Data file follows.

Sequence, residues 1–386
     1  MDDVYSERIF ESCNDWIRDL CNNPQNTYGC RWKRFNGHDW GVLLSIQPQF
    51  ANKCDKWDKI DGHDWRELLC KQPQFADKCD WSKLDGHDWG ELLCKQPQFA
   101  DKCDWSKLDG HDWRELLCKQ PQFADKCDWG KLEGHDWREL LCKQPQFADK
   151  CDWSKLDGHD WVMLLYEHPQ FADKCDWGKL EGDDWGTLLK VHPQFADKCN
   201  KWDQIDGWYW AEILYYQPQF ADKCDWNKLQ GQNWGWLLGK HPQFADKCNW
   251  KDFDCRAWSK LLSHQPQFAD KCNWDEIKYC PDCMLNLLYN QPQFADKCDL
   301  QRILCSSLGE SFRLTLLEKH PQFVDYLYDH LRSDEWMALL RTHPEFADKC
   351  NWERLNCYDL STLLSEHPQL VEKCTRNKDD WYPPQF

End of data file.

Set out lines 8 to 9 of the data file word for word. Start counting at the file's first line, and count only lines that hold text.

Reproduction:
   301  QRILCSSLGE SFRLTLLEKH PQFVDYLYDH LRSDEWMALL RTHPEFADKC
   351  NWERLNCYDL STLLSEHPQL VEKCTRNKDD WYPPQF